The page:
Clamping Scheme to temporarily hold the idler bellcrank in place

There are several conditions that must be met to define the position of the idler bellcrank.  To locate it properly we must fabricate the control tube that connects the idler bellcrank to the aileron bellcrank.  We will do this now.

Obtain a xxx length of xxx tubing, two xxx and two rod ends xxx.  Examine the rod ends and the xxx in the following photos.  Once the proper length of the aluminum tube is determined we will use steel pop rivets to attatch the tube to the xxx.  First we need to approximate the length of the tube.  Screw the rod end bearings all the way onto the xxx and then back them off three complete turns.  Notice that the rod end bearings are screwed in further than we will want them when we are done.  We want the bearing to be centered, but our first attempt at cutting the tube, we will err on the side of caution and make the tube a bit longer than necessary. Install the xxx into the full length of the aluminum tubing.  Measure the distance from the center of one bearing centerline to the center of the other bearing center line.  Write this length down.  Now center the idler arm and the aileron bellcrank and measure the distance between the two control tube bolt centerlines.  The idler is centered when it is perfectly vertical and the bellcrank is centered when the smaller arm is perfectly centered in the D rib slot.  This can easily be judged by centering the smaller arm between the two center mounting screws in the bellcrank bracket. Now subtract the two numbers---this is the amount you want to cut off the aluminum tube.  Do this and reinstall the tube end.  Now you can install the push/pull tube between the idler and the bellcrank (the tube attatches to the top arm of the idler).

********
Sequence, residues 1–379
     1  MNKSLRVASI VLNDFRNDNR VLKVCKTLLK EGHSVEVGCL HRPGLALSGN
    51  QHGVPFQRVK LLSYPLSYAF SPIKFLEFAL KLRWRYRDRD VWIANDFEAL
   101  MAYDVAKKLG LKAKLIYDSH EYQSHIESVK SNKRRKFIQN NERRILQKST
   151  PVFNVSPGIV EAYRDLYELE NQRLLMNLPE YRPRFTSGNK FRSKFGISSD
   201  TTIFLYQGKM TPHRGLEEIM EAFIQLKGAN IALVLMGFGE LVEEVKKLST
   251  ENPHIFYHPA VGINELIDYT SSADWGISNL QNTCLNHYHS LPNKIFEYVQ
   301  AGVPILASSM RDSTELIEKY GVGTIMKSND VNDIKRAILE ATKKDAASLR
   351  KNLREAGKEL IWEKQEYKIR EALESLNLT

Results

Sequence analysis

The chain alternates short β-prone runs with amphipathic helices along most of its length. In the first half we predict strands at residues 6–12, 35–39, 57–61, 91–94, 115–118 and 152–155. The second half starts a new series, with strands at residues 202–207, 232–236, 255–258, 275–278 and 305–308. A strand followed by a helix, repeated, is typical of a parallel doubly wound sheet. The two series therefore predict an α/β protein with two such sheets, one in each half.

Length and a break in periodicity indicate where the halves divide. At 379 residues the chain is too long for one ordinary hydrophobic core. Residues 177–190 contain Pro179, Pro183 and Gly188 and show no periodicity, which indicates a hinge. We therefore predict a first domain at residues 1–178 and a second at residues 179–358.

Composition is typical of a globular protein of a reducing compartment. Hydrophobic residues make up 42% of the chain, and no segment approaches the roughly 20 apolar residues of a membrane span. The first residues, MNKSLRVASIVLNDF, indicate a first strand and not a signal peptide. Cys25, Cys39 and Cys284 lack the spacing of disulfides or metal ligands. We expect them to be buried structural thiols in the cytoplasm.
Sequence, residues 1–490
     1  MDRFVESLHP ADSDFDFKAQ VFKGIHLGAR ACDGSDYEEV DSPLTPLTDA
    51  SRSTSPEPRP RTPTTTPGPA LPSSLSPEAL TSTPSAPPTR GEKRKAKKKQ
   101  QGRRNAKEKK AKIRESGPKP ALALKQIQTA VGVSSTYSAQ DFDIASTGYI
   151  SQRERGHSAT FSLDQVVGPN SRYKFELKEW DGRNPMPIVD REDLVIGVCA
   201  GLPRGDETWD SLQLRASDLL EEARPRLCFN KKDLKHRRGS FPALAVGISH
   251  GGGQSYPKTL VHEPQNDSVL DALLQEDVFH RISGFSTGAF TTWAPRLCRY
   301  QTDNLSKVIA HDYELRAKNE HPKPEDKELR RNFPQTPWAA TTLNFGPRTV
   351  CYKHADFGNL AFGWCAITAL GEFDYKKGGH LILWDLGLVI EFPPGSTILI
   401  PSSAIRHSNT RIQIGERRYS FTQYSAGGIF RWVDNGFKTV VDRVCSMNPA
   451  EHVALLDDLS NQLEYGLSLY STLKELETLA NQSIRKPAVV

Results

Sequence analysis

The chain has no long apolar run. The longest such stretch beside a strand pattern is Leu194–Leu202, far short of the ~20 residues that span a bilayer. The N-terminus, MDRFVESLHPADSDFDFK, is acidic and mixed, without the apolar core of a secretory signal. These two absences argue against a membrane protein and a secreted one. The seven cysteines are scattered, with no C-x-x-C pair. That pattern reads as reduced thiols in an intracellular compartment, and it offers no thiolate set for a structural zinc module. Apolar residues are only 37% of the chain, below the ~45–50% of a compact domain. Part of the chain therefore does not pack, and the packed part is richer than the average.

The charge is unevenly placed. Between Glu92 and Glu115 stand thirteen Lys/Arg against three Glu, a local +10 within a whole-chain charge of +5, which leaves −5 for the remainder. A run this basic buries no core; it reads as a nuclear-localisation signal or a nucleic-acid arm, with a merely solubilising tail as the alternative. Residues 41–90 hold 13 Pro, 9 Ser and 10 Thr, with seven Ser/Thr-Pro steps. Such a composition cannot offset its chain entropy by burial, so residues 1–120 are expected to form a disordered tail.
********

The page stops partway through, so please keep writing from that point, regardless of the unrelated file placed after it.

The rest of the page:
Push/Pull Tube installed on aileron Bellcrank

Notice that in the above photo the rod end bearing is threaded almost all the way onto the push tube end.  This is the way it is done until we determine the exact length of the tube.

Now that the tube is installed we want to determine its proper length.  Center the two bellcranks and adjust the rod ends so the aileron arm is centered when the idler is verticle.

Next we need to properly position the idler bracket,  as mentioned above there are several conditions that must be met for its proper location to be determine.  Take your second push/pull tube and assemble it like you did the first (dont' worry about the length at this point).  Run this one inthrough the hole in the A rib and B ribs and attatch to the lower arm of the idler.  Center this tube in the hole in the A rib. This tube will simulate the control tube running to the control stick.